We are pleased to bring you this regular column by Dr. David Creel, a licensed psychologist, certified clinical exercise physiologist and registered dietitian. He is also credentialed as a certified diabetes educator and the author of A Size That Fits: Lose Weight and Keep it off, One Thought at a Time (NorLightsPress, 2017).
Do you have a weight loss question for Dr. Creel? Email him at [email protected]. He may answer your question in a future column.
People commonly use food to deal with stress. After all, food is an enjoyable distraction and easy to find. When you feel stressed at work, a vending-machine candy bar may only be steps from your office. At home, our well-stocked pantries and refrigerators make emotional eating an easy way to cope. And once in the kitchen, what foods call to us? It certainly isn’t lettuce or carrots. Most likely we hear a siren song from ice cream, chips and salsa, cake, or some other high-calorie food.
One TV commercial shows a sniffling, downtrodden young woman paying for items at a convenience store. She places ice cream, potato chips, and a box of tissues on the counter. The elderly cashier empathetically says, “Oh, honey, he broke up with you again?” Viewers understand this because emotional eating is so common. This young woman is using food to deal with sadness, abandonment, and anger.
In my weight management groups and individual sessions with people trying to lose weight, I frequently ask, “What influences you to eat when you aren’t hungry?”
Many people respond by saying, “I’m an emotional eater.” Even among those who deny emotional eating, we often discover patterns of weight gain during stressful times and life transitions that suggest otherwise. And it’s not just negative stress – positive stress also can influence eating and physical activity. Exciting life transitions, sometimes referred to as eustress, can impact our behavior. These stressors may include the birth of a child, a job promotion, a new house, or a new relationship. We might gain weight because we party and stop exercising at college, take on the unhealthy habits of a spouse during our first year of marriage, use food as entertainment when we travel, or celebrate anything and everything with cake. Over time, eating during periods of eustress or distress becomes a pattern that seems normal. We eat without much awareness of the circumstances and emotions that contribute to our food choices.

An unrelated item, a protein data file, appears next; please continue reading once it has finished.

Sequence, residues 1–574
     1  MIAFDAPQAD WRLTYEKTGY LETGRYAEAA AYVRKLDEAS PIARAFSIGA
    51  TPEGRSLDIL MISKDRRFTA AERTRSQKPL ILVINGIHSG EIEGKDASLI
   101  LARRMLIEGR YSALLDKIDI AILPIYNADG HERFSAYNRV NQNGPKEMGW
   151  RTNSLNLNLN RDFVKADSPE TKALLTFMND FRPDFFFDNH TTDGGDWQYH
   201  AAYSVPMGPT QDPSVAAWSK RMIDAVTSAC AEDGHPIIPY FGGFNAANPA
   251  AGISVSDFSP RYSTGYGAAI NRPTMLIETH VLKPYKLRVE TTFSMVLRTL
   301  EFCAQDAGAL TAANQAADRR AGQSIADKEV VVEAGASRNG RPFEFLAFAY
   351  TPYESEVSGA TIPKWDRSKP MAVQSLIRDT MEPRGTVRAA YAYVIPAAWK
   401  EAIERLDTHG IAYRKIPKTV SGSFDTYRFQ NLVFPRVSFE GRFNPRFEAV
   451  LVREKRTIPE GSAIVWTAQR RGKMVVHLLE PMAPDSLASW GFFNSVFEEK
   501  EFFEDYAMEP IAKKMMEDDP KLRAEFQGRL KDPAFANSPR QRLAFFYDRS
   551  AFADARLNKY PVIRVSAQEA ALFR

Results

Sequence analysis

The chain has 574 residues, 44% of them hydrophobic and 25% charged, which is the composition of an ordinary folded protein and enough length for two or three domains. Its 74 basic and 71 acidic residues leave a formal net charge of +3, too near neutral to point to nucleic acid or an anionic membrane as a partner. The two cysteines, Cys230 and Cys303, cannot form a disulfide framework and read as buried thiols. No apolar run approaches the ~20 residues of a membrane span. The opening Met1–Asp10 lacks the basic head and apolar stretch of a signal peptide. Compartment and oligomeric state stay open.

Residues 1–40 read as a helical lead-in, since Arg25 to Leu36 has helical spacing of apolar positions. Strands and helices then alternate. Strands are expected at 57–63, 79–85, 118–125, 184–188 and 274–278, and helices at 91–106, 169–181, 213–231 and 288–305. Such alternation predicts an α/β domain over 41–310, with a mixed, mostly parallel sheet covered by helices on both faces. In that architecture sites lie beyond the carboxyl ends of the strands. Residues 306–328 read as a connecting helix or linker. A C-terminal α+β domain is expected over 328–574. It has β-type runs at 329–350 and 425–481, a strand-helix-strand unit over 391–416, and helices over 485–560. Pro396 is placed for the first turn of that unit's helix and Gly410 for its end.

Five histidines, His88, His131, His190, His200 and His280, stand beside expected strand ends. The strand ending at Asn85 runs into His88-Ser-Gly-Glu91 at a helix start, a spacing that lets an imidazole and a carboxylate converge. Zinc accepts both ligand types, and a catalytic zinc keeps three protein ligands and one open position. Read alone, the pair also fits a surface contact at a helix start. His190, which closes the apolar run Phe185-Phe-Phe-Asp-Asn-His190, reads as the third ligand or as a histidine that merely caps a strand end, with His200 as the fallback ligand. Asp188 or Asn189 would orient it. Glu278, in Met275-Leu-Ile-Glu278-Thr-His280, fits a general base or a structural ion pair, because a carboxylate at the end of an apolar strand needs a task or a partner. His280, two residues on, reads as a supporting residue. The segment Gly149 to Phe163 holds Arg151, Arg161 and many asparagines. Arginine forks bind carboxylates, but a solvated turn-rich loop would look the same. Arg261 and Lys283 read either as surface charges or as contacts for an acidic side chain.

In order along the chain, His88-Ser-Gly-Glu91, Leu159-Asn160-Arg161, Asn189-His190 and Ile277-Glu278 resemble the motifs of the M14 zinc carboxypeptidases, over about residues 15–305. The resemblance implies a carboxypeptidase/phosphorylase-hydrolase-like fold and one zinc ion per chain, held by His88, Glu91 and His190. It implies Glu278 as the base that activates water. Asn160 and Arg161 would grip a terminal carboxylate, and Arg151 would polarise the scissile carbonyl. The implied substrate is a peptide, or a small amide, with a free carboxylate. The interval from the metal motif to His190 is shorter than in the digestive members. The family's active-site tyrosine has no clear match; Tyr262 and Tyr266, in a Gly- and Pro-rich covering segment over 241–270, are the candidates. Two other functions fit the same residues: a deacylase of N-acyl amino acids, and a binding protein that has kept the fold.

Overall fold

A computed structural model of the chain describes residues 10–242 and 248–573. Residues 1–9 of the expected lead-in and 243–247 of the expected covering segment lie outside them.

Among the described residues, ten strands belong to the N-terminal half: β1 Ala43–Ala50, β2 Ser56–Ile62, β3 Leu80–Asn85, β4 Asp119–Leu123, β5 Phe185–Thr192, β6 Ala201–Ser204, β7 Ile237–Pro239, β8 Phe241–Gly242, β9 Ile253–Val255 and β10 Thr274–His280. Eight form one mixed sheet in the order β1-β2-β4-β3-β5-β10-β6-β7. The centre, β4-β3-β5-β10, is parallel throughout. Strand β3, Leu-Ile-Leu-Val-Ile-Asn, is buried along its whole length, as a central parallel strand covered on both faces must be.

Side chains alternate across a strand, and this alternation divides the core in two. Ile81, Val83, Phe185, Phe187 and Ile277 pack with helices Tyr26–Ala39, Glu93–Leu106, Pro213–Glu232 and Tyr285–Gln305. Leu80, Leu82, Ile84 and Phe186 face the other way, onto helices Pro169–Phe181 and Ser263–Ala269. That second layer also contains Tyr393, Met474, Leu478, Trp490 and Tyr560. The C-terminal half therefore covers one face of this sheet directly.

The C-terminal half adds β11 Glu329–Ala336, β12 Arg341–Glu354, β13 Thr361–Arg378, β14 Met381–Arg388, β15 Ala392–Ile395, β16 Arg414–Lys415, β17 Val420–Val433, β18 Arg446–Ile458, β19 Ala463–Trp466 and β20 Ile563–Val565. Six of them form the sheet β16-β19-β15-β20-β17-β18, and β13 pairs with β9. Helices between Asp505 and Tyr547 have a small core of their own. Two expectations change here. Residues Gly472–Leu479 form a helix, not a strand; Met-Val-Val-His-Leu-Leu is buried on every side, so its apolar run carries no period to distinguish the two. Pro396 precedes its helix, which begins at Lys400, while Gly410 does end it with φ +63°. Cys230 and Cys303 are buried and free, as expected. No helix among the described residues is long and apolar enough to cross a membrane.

Redefining pleasure can help us eat healthy during times of celebration and still enjoy life. Monitoring weight, physical activity, and diet can keep us from veering off track during exciting times. But for many people, persistent distress is more connected to unhealthy weight than positive stress. With or without awareness, stressed-out employees, moms and dads, college students, and even children self-medicate with food.
I don’t want to turn you into an unemotional robot when it comes to eating. I do want to help you become intentional about how you react to stress. Being deliberate and aware of our reactions is often a challenge, because the interaction between emotions and eating is complex. Fortunately, we can begin making positive changes without understanding every detail of why we eat.
To simplify, let’s accept that emotions affect everyone’s eating habits to a certain degree. Your unique patterns may be so ingrained that you barely notice them. To better understand your patterns, it may help to answer the following questions:
- How often do you emotionally eat?
- When do you tend to do this (evenings, weekends, or when your mother-in-law visits)?
- How much food (and what) do you usually eat?
- At the time, do you realize you’re eating because of your emotional state or is it more like a mindless grazing pattern?
- Do you lose your appetite when you’re stressed but then end up overeating when you finally relax?
- Do you intentionally plan emotional eating (making sure you’ll be alone or have your preferred foods)?
- Do you eat until you’re uncomfortably full and/or feel out of control?
As the questions above illustrate, people have different patterns of emotional eating. You may be a grazer — tasting food as you hurriedly prepare dinner or inching your way through a sleeve of crackers while helping a reluctant child complete his homework. Maybe you tend to not eat when you’re stressed, but overcompensate later when the pressures of life subside. Or you may be a frequent binge eater, consuming food until you’re uncomfortably full, feeling out of control and only eating in private, and feeling embarrassed and guilty when you finish. If the last sentence describes you, consider seeking professional help. A therapist skilled in eating disorders can help you better understand your behavior.
In the next article, we’ll cover how to cope with emotions in a healthy manner.
Come back each week for more healthy weight loss advice from Dr. David Creel.
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